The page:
Skip to comments.China produces 97 percent of materials known as rare earth oxides (used in weapons, etc.)
Posted on 04/15/2010 1:28:27 PM PDT by Stayfree
According to government, industry, and academic officials, the use of rare earth materials is widespread in defense systems. These include, among others, precision-guided munitions, lasers, communication systems, radar systems, avionics, night vision equipment, and satellites. Officials emphasized the significance of the widespread use of commercial-off-the-shelf products in defense systems that include rare earth materials, such as computer hard drives. Objective 2: Rare Earth Materials Are Widely Used and Lack Substitutes Page 27
(Excerpt) Read more at gao.gov ...
We have plenty here, enviro just won’t let us mine it.
Actually we don’t have a lot, but we can’t even get to what we do have due to some of the mines being in California.
... whether we like it or not, we remain a dominant military superpower...
There are also huge deposits in MT and Idaho...same problem enviros won’t let you at them.
Actually, we have a lot, but we don’t mine it and really don’t have the capability to process the small amount we mine.
There are deposits of the 17 rare earths in Canada and the U.S.
For a related item, look up Magnequench. They were bought out by the ChiComs and moved to the PRC back in the 2003-4 timeframe. Turns out they are the sole source of rare earth magnets suitable for our cruise missile guidance systems. If China says “No”, we will have a helluva time making cruise missiles that fly straight. I did not think that “Free Trade (TM)” was a suicide pact. If the right palms are greased, anything is possible, I suppose.
That wasn’t a “free trade” issue, but nice try.
Magnequench: CFIUS and China's Thirst for U.S. Defense Technology
[Heritage Foundation via FreeRepublic].
The bad news just keeps on coming.
Sure it was free trade — arbitrage the cost difference between US living wages and Chinese slave wages, and bring that to the bottom line as pure profit, damm the consequences. Mr Hu would be glad to hang you with your own rope.
Just read at the link I supplied in my comment #13, and go complain about NAFTA somewhere else.
Check this out: the more things change, the more they stay the same. We have another paleo arguing that, if only wage scales were equalized between China and the United States (by implication: with tariffs), we could restore rare earth production and processing in the U.S.
Good summary — didn’t realize that the Magnaquench debacle goes back to the mid 90s.
Sorry to come down so hard on you, but I had the same argument on that thread from 2008.
Just keeping it old-school sonny. The definition of insanity is doing the same thing repeatedly and expecting a different result.
The Chicoms have been out-dueling us...for years now.
Commodities, manufacturing, agriculture, and closing in now military-wise...etc, etc...
The Magnequench stunt could’ve been pulled-off by a Chinese retard with a broken watch. They just bought the Administration.
They know...the Clinton's were paid off..bribed, and used.
God only knows who else in the Den of Thieves in D.C. was/is involved.
There are millions tons of scrap hard drive magnets that could be recycled... Most are returned to China for recycling, but they could be recycled here.
Magnequench's patents were expiring, and it most common for a patent holder to sell the patent before it expires.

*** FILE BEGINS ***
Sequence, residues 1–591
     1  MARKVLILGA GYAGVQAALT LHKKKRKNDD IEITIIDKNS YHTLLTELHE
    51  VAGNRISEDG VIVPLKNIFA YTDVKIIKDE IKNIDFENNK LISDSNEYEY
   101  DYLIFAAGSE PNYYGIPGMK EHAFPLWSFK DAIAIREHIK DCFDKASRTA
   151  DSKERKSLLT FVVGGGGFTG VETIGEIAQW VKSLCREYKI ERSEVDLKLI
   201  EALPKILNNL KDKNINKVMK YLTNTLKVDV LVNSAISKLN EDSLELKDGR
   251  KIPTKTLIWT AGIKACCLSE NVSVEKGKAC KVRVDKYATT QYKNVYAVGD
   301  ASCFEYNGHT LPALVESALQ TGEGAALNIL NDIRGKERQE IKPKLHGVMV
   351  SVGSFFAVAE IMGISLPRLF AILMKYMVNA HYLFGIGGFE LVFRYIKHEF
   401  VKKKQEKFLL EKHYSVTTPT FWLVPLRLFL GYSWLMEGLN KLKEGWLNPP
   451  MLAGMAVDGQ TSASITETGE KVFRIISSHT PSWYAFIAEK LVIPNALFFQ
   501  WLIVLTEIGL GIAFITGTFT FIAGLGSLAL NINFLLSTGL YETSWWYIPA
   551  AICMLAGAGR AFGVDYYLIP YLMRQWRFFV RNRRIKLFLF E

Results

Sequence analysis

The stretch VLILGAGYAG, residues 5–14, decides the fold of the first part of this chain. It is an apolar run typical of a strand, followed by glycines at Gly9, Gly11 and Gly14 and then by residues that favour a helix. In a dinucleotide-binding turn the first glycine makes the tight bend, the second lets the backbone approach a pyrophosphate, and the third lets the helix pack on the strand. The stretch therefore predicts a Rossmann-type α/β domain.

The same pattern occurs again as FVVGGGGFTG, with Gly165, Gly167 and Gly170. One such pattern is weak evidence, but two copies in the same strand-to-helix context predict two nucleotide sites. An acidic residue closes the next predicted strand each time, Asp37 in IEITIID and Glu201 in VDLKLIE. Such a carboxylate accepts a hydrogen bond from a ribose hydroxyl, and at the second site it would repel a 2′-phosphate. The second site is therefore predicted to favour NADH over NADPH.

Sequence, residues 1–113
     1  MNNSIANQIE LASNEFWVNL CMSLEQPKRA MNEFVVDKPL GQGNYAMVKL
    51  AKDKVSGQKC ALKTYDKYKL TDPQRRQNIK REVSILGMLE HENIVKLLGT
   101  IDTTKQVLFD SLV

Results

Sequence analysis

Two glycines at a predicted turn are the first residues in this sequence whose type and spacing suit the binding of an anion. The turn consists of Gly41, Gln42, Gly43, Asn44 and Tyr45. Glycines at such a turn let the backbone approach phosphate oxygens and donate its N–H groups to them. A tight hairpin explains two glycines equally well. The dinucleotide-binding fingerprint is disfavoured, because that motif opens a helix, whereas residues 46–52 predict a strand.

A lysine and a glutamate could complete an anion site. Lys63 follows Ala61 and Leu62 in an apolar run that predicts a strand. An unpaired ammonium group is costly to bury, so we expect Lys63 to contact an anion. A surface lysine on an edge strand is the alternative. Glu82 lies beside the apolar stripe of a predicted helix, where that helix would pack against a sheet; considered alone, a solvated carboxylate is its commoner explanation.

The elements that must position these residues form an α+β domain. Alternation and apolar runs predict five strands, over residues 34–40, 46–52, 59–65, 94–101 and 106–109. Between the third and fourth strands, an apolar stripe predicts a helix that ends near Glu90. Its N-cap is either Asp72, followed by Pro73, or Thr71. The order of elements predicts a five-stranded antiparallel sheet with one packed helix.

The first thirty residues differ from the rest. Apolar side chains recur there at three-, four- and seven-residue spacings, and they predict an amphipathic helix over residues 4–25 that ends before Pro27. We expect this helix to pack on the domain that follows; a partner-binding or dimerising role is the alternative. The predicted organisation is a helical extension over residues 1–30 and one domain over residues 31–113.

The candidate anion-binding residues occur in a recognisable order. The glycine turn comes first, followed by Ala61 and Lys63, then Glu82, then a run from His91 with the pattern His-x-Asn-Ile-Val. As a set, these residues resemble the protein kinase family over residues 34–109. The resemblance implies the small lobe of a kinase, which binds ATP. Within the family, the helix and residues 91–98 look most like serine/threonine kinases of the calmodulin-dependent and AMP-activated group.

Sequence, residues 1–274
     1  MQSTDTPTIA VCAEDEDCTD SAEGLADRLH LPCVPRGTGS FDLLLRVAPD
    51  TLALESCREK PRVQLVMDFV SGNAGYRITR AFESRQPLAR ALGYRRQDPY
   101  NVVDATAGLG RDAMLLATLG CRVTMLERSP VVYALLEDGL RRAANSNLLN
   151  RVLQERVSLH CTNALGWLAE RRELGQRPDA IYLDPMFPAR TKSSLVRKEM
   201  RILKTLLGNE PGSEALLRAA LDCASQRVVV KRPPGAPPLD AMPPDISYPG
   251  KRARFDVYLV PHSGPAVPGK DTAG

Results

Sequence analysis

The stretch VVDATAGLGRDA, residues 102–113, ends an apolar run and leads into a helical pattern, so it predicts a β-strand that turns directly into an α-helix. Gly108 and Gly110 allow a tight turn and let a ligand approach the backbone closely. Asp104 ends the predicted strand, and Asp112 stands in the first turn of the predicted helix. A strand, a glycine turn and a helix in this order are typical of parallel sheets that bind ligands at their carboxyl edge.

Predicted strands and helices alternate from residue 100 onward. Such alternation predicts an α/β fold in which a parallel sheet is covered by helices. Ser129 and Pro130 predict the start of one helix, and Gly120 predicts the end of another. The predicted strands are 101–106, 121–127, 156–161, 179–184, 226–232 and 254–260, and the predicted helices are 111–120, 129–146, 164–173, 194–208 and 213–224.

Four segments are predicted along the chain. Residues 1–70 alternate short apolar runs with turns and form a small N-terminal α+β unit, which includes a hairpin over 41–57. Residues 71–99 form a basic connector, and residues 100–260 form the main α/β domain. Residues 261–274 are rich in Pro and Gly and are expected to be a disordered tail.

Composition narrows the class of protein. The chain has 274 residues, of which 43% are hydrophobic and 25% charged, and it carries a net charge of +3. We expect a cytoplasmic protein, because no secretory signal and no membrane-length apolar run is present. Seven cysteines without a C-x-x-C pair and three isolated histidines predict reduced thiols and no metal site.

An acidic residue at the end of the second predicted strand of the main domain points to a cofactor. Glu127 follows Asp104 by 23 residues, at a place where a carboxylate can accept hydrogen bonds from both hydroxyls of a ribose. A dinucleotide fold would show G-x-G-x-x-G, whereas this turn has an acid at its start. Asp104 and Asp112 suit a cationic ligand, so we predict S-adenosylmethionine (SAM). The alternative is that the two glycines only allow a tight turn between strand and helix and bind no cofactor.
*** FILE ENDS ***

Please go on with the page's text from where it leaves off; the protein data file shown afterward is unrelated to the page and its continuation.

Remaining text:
It starts there in the second paragraph under Patents and Intellectual Property.
That’s not the point. The Feds had the power to stop the sale on national security concerns, and didn’t.
That’s because there wasn’t a national security concern.
I disagree. If there wasn’t, the GAO would have no need to issue this report.
Another reason why the Clintons should have never been allowed to hold any high office forever!
This is not cutting edge technology. The original patent to GM/Magnequench was awarded in 1983.
Even if the gubmint lost track of it, we need to keep our eye on the ball.
Russia also has a bunch of these; however they keep the rare earth oxides for military use only.
In a follow-up report, it has been determined that China also produces 97% of the stuff in Wal-Mart, 97% of the stuff in Costco, and 97% of the stuff in Target.
“The Chicoms have been out-dueling us...for years now.”
Because they don’t listen to celebrities over experts, actual experts. Their culture worships scientists, educators, and they richly reward those who have actual smarts and work to build their country.
Funny thing is that we hear that a lot. Never mind how all manufacturing would take a serious hit from price hikes in rare earths --then again the paleos' solution to mfgr employment is [I swear I'm not making this up] lowering productivity.
At least there one Chinese product the paleos don't mind buying in quantity: GOLD!
Thanks, I need all the laughs I can get.
It's true though, throughout history international conflicts are won by the side with more money and more trading partners. Isolationist countries always end up getting taken over by others --and yet our paleos brethren have the gall to say we're the traitors!
If you go back in time you can find where the pentagon specifically says it is not.
Even today, after China's pronouncements, I've not seen that. Only the pentagon saying that they have been studying the issue for a long time.
If it it were a nat'l security issue, and the powers that be were to say so, then a national stockpile could be established.
We know that Molycorp is mining and they are sending material to customers in Japan who are sending it to China for processing and it is then sent back to Japan.
Let the US Govt buy from Molycorp, send it to China and back to national stockpile.
But let me warn you, if Obama and the democrat congress did something like that, the GOP and the freepers would say that Obama is trying to socialize the rare earth industry.